South Africa’s Enduring Unfreedom

An interview with S’bu Zikode, leader of the shack dwellers’ movement, 30 years after apartheid’s end.

S’bu Zikode and Richard Pithouse in the Boston Review:

Richard Pithouse: Mandela was released from prison on February 11, 1990, suddenly opening up the field of political possibility after a long and exhausting stalemate between the progressive forces, which were largely organized in two groups: the United Democratic Front (UDF) and the trade unions, and the apartheid state. What did Mandela’s release mean to you?

S’bu Zikode: I was fourteen years old, and in school. At that time, we were divided. It was the time of the war between [the right-wing Zulu nationalist organization] Inkatha and the UDF. People could easily draw the line between the two sides along a river or a road. Everyone on one side was Inkatha; everyone on the other side was UDF. A lot of people were killed or had their homes burnt down just because they were living on this or that side of the line.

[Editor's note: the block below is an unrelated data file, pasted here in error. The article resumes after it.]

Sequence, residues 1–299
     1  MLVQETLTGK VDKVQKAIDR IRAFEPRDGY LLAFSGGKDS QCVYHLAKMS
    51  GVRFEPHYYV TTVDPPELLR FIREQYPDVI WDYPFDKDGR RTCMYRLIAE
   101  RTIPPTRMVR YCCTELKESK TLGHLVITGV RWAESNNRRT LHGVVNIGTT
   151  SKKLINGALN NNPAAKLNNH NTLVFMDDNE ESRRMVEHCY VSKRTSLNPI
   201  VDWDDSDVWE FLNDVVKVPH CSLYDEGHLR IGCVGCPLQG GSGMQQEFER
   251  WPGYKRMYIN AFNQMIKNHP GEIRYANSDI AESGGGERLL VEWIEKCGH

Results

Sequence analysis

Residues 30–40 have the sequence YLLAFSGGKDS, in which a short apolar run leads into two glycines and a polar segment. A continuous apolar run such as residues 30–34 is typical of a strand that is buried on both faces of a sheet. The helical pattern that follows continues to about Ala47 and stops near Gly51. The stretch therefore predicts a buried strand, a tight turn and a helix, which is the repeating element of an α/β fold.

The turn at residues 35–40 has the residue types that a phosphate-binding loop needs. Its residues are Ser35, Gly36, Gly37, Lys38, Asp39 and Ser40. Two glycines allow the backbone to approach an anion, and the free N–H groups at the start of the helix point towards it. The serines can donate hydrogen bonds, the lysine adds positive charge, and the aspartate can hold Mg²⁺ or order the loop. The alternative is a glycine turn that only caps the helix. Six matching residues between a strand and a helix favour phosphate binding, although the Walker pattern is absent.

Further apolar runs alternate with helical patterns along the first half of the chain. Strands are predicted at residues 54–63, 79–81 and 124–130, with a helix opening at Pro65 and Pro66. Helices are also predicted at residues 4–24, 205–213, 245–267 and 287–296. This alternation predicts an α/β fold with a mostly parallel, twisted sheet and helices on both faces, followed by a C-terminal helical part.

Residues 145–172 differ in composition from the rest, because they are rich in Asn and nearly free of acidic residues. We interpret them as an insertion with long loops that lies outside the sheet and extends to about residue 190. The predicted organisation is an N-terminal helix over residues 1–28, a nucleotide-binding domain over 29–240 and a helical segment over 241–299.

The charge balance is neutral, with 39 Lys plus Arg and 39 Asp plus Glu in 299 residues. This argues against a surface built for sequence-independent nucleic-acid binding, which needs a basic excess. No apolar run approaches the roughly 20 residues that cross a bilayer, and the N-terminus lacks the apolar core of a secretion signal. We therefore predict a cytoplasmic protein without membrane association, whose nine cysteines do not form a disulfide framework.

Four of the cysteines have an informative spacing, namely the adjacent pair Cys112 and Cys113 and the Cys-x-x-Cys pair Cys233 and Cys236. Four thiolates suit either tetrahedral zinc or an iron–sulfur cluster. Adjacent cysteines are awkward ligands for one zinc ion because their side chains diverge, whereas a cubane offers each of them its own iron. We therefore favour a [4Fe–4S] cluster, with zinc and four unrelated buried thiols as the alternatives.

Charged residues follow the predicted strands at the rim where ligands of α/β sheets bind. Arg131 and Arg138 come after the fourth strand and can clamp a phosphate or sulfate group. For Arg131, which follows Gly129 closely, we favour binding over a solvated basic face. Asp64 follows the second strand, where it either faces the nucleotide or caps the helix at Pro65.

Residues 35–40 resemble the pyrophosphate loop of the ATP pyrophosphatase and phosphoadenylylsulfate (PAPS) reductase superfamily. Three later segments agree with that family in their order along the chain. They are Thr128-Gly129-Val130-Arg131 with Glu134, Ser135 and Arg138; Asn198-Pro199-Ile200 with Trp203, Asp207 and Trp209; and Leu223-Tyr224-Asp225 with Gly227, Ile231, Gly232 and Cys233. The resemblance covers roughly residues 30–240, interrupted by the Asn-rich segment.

Some people had guns; we young people had sticks. If you turned back from a battle you would be shot. You had to face bullets from the front and the back. Terrible things happened, very painful things. We don’t talk about it.

When the news came that Mandela would be released, there was huge excitement, huge celebration among some people. For them, it was the opening of the world. But for others, the real believers in Inkatha, the world was shutting down. There was a fear that democracy meant that the land owned by the Zulus would have to be shared and that traditional leaders would lose their power. Their biggest fear was that if [Inkatha leader] Prince Buthelezi lost the election, Zulu people would be dominated by other nations. To think of freedom at that time was really to think about peace. It was about the end of war, the end of the politic of blood.

RP: What were your hopes for your own life at the time?

More here.

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